Objective: To investigate the possible association of dietary caffeine consumption and medicinal caffeine use with chronic daily headache (CDH).
Methods: Population-based cases and controls were recruited from the Baltimore, MD, Philadelphia, PA, and Atlanta, GA, metropolitan areas. Controls (n = 507) reported 2 to 104 headache days/year, and cases (n = 206) reported > or =180 headache days/year. Current and past dietary caffeine consumption and medication use for headache were based on detailed self-report. High caffeine exposure was defined as being in the upper quartile of dietary consumption or using a caffeine-containing over-the-counter analgesic as the preferred headache treatment.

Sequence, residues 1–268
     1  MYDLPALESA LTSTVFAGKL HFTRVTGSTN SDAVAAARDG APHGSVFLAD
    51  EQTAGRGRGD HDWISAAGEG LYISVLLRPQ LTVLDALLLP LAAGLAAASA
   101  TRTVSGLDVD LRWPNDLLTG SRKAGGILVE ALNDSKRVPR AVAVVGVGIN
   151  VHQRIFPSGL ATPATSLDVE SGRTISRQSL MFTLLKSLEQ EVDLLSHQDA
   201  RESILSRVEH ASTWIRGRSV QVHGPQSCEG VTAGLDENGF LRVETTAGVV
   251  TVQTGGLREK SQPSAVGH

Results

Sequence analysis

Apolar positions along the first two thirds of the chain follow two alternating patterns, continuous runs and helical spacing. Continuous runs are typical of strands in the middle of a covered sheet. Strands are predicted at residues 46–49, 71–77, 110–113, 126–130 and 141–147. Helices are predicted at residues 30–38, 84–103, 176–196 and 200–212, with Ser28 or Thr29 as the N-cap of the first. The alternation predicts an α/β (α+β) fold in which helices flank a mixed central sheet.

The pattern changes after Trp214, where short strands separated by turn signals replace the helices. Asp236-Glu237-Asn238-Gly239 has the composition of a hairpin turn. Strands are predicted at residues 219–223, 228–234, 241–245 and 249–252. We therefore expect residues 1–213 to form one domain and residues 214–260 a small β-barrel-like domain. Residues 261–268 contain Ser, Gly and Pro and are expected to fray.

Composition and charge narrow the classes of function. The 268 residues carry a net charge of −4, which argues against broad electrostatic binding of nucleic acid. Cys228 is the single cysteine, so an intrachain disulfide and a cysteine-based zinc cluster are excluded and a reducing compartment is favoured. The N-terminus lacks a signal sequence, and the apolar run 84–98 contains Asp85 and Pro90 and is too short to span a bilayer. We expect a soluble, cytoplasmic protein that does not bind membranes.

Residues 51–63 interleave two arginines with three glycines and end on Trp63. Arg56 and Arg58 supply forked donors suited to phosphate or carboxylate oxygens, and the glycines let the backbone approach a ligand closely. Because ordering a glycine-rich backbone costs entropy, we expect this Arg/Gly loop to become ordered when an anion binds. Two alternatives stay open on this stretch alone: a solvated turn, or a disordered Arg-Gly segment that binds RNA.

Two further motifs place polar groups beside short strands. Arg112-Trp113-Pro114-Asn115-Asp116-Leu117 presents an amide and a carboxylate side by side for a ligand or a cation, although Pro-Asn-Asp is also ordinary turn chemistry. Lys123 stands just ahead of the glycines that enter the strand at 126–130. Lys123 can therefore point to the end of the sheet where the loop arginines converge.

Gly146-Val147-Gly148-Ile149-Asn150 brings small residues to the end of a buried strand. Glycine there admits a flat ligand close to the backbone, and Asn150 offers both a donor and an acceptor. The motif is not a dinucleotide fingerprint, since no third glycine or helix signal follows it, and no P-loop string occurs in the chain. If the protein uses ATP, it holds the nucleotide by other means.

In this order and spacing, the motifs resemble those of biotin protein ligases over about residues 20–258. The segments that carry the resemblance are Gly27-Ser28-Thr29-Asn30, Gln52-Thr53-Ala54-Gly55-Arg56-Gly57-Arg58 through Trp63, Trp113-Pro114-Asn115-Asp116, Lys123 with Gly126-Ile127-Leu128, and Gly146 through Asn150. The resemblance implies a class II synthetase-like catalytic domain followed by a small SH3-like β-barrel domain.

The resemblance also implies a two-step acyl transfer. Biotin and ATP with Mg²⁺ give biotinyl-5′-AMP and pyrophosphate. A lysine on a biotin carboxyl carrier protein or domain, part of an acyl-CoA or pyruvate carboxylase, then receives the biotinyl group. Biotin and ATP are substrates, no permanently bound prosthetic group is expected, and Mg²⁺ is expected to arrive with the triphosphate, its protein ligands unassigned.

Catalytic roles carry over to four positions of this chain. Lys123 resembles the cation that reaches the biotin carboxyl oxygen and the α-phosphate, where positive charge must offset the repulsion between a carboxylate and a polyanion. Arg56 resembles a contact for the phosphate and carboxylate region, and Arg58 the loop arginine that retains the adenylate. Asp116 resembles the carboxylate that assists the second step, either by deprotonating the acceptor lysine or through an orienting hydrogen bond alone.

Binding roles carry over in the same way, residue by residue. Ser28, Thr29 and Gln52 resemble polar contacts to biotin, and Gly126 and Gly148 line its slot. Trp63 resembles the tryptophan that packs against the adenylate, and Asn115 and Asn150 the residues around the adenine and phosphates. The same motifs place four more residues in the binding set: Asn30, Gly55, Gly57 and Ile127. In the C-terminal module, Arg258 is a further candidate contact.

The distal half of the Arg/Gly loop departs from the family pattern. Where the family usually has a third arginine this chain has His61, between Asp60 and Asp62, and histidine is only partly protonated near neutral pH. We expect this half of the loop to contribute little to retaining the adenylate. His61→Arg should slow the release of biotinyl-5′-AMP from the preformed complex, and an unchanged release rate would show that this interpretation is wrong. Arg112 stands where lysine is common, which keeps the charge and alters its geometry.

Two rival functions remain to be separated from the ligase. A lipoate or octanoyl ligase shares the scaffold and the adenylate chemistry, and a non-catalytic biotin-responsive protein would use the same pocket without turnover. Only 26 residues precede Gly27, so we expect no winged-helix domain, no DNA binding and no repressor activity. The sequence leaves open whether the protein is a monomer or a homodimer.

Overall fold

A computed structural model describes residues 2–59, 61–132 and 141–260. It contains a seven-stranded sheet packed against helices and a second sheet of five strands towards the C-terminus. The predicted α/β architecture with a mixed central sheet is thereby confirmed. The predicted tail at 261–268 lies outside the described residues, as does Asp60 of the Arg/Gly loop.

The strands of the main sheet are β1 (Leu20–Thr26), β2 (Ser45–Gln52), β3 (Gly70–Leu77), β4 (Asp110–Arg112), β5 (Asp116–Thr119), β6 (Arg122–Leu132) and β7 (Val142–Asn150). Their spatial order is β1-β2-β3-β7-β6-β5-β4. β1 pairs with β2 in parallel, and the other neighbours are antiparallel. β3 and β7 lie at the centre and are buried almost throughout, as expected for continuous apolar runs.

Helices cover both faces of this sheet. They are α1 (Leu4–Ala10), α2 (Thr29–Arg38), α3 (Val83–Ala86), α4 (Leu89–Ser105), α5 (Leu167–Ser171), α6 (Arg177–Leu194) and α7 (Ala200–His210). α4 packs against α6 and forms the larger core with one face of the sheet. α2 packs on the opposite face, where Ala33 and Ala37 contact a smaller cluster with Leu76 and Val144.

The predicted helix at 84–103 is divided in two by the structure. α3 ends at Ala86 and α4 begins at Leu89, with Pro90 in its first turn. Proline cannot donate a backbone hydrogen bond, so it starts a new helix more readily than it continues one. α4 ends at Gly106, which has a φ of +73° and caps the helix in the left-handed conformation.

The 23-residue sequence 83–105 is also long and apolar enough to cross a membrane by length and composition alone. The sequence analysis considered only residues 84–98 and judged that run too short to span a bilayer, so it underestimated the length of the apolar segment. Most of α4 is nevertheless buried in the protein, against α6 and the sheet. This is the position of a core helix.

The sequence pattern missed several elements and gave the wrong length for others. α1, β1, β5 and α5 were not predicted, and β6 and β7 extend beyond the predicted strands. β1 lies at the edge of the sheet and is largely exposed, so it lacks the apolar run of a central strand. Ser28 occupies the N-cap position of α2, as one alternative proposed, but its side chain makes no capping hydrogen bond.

Results: In comparison with episodic headache controls, CDH cases were more likely overall to have been high caffeine consumers before onset of CDH (odds ratio [OR] = 1.50, p = 0.05). No association was found for current caffeine consumption (i.e., post CDH) (OR = 1.36, p = 0.12). In secondary analyses, associations were confined to younger (age <40) women (OR = 2.0, p = 0.02) and those with chronic episodic (as opposed to chronic continuous) headaches (OR = 1.69, p = 0.01), without physician consultation (OR = 1.67, p = 0.04) and of recent (<2 years) onset (OR = 1.67, p = 0.03).
Conclusion: Dietary and medicinal caffeine consumption appears to be a modest risk factor for chronic daily headache onset, regardless of headache type.